House snorted. "What are we," he asked, "in high school? Sleep with a girl, then take her to the movies to make sure she goes home and tells her friends what a lovely gentleman you were." He laughed, but looking down at Stacy's disappointed face, House shifted, almost looked guilty. "Yeah," he said, "What do you want to see?"

Stacy looked at the floor, her face reddening. There was something awkward in this, something almost forced in the way that she desperately wanted him to want to be with her. Something very, even as he'd noted, ninth grade about it. She hated the way he'd brought that up, the way he felt he had to bring every inadequacy and chink in their relationship into focus. As if she couldn't tell, as if she wasn't feeling it in her rapidly heating face.

"I don't know," she said, attempting nonchalance, flicking a tendril of hair out where it was caught in the corner of her mouth. "It was just a suggestion."

House shrugged, and leaned back, bracing himself against a nearby table. "Whatever you like," he murmured, sounding almost blankly complacent, dispassionately agreeable. Stacy watched his total lack of interest, they way his eyes didn't light up at the prospect of taking the woman he'd spent the night with to the movies, the way he impatiently tapped his cane against the legs of the table as he waited for his drink.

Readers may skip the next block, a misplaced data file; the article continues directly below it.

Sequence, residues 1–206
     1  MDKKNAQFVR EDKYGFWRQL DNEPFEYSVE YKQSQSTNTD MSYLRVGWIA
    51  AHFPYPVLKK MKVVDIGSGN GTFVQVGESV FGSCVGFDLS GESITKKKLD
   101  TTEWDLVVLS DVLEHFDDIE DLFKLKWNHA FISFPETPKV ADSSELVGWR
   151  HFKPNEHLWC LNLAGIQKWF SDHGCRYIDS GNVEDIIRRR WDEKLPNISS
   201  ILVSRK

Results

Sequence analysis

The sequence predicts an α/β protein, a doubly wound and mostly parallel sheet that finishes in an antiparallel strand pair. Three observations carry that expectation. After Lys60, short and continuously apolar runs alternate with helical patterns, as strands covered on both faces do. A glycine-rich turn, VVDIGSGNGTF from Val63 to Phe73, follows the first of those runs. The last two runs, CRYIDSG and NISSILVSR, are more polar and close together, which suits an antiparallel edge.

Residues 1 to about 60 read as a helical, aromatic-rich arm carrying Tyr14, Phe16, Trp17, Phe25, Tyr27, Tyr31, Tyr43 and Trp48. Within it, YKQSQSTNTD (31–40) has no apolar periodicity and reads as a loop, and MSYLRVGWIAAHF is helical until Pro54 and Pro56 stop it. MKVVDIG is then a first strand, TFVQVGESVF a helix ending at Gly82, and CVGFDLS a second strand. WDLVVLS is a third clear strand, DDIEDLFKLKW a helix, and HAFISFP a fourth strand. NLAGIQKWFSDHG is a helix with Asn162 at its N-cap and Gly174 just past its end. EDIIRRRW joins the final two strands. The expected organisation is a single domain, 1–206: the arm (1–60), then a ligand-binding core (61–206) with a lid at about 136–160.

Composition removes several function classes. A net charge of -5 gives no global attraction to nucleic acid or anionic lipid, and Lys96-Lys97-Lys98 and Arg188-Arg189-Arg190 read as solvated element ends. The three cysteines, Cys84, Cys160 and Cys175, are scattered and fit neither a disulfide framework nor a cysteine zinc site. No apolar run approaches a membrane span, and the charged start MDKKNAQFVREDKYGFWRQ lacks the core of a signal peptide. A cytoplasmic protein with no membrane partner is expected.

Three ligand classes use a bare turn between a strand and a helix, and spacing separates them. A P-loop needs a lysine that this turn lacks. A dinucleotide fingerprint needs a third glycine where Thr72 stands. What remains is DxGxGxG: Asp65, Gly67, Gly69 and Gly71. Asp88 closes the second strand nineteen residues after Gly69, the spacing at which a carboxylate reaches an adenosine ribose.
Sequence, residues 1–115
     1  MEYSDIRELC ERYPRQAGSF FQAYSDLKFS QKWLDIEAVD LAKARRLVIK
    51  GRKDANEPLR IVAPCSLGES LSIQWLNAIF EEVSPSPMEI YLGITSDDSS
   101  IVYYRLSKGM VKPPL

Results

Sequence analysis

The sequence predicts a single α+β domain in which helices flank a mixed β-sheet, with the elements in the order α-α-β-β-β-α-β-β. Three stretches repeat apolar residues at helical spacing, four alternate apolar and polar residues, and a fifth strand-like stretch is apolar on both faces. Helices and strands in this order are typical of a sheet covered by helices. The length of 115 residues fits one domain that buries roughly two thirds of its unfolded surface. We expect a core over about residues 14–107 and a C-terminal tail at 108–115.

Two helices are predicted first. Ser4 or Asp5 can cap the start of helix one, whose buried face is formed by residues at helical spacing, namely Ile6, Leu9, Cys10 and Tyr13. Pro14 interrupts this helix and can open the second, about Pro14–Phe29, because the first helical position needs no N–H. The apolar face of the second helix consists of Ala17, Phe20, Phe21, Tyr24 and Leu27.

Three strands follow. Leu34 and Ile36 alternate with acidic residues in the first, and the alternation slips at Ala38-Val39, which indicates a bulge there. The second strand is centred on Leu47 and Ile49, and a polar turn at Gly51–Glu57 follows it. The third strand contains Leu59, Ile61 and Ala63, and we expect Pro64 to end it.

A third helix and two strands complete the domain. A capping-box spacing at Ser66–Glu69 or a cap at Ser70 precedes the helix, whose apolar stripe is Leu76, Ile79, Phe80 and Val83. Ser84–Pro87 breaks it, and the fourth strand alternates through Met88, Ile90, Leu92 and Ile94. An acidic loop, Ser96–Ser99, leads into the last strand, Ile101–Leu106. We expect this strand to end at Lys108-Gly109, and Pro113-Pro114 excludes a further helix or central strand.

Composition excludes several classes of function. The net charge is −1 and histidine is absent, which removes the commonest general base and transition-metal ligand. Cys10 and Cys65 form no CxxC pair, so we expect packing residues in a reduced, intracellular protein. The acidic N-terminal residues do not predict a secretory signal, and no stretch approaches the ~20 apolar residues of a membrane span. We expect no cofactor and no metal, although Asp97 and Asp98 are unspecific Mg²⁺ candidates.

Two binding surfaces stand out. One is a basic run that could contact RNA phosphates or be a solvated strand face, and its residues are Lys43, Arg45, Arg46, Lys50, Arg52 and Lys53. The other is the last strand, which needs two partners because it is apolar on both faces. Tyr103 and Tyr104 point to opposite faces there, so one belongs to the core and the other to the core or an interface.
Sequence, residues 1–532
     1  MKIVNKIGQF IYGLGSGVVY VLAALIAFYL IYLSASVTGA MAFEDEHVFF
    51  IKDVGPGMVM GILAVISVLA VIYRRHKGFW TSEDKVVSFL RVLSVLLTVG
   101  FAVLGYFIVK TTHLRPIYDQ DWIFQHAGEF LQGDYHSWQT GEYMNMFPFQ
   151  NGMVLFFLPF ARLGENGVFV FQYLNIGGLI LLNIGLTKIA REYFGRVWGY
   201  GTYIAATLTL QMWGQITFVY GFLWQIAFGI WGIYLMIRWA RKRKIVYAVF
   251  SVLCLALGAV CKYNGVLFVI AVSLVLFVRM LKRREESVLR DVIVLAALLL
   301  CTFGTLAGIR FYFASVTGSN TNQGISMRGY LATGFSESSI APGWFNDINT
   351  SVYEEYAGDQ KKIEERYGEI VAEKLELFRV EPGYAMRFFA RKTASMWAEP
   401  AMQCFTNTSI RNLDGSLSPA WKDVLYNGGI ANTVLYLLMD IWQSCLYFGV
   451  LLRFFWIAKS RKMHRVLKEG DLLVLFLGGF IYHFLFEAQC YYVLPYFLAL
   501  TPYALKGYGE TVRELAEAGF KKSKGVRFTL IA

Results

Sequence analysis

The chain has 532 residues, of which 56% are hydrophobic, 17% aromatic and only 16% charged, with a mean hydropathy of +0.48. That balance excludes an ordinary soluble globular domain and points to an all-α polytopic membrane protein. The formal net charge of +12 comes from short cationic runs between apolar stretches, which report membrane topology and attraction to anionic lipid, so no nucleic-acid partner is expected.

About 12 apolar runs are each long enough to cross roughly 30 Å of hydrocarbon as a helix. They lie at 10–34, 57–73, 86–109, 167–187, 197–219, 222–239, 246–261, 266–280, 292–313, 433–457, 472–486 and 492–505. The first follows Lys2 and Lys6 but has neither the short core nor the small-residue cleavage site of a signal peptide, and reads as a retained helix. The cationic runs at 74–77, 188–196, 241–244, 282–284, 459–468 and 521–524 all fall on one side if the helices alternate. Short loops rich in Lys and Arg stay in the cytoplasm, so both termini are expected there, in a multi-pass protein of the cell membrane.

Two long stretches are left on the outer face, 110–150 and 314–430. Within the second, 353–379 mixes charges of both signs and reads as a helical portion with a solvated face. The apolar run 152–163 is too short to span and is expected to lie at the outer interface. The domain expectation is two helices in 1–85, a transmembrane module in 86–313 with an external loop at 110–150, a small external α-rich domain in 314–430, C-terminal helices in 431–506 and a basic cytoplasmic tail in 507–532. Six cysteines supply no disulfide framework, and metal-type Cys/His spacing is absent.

"Mocha Frappuccino," called the barista from behind the counter. Stacy steppd forward, took the drink, and turned back to House.

"I think I'm going to go to Cuddy's, actually," she said, biting her lip. "I made a promise. It's only fair."

"Makes sense," House nodded, and for the first time, Stacy thought she heard something regretful in his voice. She glanced up at him, but found him playing with some speck or fuzz that he'd found on his jacket.

"Well, it's been nice," she tried again. "It's been a while." It seemed like a ridiculously stupid thing to say. House gave her a long, scrutinizing look.

"Sure has," he said.

Coughing, Stacy turned away, heading for the door. "Bye, Greg." She thought briefly about turning back, stepping back to kiss him as she left, to leave herself hanging on his lips like in the best love stories. But when she glanced over her shoulder, House was already stepping up to the counter to get his coffee, completely ignoring her exit.

"See you at work," she muttered.

"See you on Monday," House replied. With a sigh, Stacy gathered herself and slipped out. As she left, the door got stuck against a twig that had fallen in front of it, and hung ajar, leaving House the ability to watch her turn the corner of the Starbucks as she disappeared from sight.

But he didn't. Instead, he ordered a piece of pound cake, and took himself into the corner against the wall, farthest from the draft coming in through the door. His watch said it was too far past noon to go back to bed.

And that concludes our story.

I've been considering a continuation of House and Stacy's relationship, but seeing as she's quite gone from the show, I'm not sure if there's any point in writing it. If you would like to see more of this kind of thing, even a sequel, please leave a comment saying so. Thanks for reading!